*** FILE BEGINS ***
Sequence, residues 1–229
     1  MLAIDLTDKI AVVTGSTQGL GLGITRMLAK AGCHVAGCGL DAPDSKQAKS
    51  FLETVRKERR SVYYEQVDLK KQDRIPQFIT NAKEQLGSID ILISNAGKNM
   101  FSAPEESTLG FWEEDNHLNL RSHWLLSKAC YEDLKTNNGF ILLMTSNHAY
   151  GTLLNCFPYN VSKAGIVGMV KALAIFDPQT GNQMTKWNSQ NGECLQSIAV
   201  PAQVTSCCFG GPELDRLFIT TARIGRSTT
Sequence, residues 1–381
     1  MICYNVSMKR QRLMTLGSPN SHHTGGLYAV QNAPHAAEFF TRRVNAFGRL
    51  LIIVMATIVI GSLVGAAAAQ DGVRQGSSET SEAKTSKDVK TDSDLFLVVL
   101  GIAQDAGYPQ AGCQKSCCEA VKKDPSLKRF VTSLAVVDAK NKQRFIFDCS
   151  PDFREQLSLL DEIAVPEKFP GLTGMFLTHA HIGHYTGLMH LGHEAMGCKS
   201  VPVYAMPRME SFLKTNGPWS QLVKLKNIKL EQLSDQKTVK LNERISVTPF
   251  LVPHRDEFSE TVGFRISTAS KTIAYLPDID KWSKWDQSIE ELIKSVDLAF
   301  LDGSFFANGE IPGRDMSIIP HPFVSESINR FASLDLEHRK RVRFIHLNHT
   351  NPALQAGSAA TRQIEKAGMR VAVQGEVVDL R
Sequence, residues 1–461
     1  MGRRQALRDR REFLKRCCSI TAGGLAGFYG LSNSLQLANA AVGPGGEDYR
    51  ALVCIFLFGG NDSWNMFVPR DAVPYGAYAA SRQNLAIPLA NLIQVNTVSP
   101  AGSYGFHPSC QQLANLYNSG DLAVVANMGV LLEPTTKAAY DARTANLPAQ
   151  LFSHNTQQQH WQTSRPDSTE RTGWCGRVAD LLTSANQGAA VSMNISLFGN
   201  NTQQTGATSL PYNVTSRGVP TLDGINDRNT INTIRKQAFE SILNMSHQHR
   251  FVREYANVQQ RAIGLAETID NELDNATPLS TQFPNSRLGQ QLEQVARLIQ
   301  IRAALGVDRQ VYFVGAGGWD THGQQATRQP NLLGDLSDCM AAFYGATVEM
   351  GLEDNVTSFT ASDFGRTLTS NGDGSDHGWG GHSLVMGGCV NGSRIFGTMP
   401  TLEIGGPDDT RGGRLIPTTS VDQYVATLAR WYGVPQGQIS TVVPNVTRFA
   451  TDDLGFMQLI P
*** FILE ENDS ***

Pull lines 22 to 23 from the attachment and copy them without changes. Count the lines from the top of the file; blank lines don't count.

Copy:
   251  FVREYANVQQ RAIGLAETID NELDNATPLS TQFPNSRLGQ QLEQVARLIQ
   301  IRAALGVDRQ VYFVGAGGWD THGQQATRQP NLLGDLSDCM AAFYGATVEM